I saw her point.  It was sort of hard to read.  Some of the problem was vocabulary.....in the first page or two they threw out words like treatise and flourish...but not even in the way I was used to hearing them used. 

There is a glossary at the end of the book that gives definitions for some of the words (which were in boldface in the stories), many taken from Websters Dictionary in 1828. But, in an e-book format, it was hard to get to the right page that you needed to look them up....and then get back to the page you had been reading.  And, honestly, we would have had to look up a lot more words than they had put in boldface.

(Maybe I am doing a horrible job on teaching vocabulary to my kids???  I will have to think about that one later.)

I switched over to her new choice, Clara Morris.  It was a little easier to read, but still felt very formal and used a lot of vocabulary words that I am fairly certain A-girl just breezed past.....whether she understood the words or not.

But it comes down to this,   these stories are great, inspiring stories.  Look at who the ten girls are!

Louisa May Alcott: Author of Little Women
Clara Barton: The Angel of the Battlefield

Molly Pitcher: The Brave Gunner of the Battle of Monmouth
Cofachiqui: An Indian Princess
Madeleine De Vercheres: The Heroine of Castle Dangerous
Dorothy Quincy: A Girl of the American Revolution
Ida Lewis: The Heroine of Lime Rock Lighthouse
Elizabeth Van Lew: The Girl who Risked all for the Union
Virginia Reed: Midnight Heroine of the Plains
Clara Morris: The Girl who Won Fame as an Actress



Great stuff.  It really is.

But, some of them are a harder read than others. 

Think of it this way, if they do get through them, and take the time to look up words they don't understand, they will come away with a fabulous vocabulary and understanding of words. 

We received a PDF version of this book.  I think we would have done a lot better with an actual physical copy to go cuddle up together and read these stories....outloud...with a dictionary handy for the hard words....and be able to flip back to the glossary when words like, "accoutrements" were used.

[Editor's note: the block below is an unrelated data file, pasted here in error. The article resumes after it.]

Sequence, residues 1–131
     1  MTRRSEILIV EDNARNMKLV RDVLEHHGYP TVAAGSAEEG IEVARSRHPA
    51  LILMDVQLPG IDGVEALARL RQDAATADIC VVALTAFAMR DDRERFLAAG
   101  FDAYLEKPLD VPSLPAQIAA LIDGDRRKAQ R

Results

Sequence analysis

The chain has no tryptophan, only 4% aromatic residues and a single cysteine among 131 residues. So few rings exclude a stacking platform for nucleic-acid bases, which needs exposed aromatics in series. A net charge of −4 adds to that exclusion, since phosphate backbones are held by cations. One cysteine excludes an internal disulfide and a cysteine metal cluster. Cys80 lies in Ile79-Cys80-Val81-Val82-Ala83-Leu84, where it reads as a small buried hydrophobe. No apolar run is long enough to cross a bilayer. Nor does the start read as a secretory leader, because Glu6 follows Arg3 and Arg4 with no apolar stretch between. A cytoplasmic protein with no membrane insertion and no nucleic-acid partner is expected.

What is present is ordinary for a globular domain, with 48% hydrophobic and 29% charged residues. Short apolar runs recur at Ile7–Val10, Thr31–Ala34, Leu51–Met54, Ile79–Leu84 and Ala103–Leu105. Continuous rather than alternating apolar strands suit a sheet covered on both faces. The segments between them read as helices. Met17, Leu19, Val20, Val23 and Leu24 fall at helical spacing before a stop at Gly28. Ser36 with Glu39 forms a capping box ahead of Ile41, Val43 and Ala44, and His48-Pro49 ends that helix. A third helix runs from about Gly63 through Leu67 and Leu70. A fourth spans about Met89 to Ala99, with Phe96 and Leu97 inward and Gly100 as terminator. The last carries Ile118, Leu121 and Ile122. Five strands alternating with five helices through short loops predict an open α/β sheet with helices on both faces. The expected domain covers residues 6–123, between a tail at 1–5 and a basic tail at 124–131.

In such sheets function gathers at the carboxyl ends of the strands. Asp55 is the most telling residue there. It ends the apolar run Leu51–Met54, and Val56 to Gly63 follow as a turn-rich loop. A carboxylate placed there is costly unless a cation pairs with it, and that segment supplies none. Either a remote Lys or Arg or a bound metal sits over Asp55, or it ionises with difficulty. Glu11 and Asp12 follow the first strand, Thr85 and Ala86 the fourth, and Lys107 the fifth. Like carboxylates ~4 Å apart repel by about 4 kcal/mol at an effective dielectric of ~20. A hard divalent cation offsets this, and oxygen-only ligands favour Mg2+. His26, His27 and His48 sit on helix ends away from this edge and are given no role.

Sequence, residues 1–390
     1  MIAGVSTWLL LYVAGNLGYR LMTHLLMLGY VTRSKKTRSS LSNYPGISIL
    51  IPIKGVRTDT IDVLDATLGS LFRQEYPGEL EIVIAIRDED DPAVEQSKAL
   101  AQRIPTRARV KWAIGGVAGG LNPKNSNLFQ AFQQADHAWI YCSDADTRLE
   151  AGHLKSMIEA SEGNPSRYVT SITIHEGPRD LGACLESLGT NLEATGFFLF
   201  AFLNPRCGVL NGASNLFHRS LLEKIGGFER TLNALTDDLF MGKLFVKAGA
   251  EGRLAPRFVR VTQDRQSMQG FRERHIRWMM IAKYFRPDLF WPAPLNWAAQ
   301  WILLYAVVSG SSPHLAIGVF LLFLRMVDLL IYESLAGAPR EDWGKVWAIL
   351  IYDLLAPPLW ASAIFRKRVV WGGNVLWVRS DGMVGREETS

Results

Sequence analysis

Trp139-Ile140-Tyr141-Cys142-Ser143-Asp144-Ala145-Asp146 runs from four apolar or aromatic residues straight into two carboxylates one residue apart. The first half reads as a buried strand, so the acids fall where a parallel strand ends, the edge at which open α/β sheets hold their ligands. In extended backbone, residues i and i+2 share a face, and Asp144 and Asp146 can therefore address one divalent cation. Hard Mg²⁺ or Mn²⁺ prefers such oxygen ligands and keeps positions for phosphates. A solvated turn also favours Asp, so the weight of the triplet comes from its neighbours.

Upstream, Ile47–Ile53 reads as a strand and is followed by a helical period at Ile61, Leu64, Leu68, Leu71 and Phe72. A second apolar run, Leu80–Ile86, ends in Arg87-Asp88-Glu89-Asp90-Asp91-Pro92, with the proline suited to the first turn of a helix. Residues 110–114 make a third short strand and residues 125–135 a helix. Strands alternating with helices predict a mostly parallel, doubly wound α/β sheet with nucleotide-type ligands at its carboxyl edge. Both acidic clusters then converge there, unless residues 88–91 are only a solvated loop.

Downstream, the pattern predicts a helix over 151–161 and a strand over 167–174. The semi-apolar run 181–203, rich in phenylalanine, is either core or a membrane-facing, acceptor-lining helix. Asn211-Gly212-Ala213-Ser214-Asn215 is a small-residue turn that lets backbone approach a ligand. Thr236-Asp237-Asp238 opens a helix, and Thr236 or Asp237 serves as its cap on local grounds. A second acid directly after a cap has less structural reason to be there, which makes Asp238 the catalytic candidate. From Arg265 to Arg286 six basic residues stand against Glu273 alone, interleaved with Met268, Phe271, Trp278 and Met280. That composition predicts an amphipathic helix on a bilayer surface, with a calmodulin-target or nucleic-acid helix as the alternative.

See?  Do you know what that means?  Would you if you were a 12 year old girl?

FYI - It means: Dress; equipage; furniture for the body; appropriately, military dress and arms. Equipage for military service.


The stories are really inspiring and I learned a lot of little details that I didn't know about some of these girls.  And, if I am honest, I hadn't heard of most of them before....so I did learn something.  My girls did too.  It just wasn't the easy, breezy book I somehow thought it was going to be, since it was for ages 10 and up.


You can normally get a copy of Ten Girls From History for $20.00.  (For the same price, if you have an auditory learner, or want something different to listen to on your next road trip, you can get it as an Mp3 audio book. )

But, Amy Puetz (the editor) is having a Back To School sale (20% off) until September first, so, go take a look around.

http://i1202.photobucket.com/albums/bb374/TOSCrew2011/History/Golden%20Prairie%20Press%20-Amy%20Puetz/BacktoSchoolSale.jpg

I hope I haven't scared you off.  This is really a good book....just not an easy read for some kids (or grown ups).


There are other titles available in the Heroines of the Past series that look really interesting through Golden Prairie Press.


The Review Crew got to choose from four different e-books for this review.  The other three were; Heroines of the Past Bible Study; Costumes With Character; and, Uncovering Exciting History.  Take a look and see if my opinion matched up with others on the Review Crew.


Disclaimer:  We received a PDF version of the book Ten Girls From History for free, in exchange for an honest review.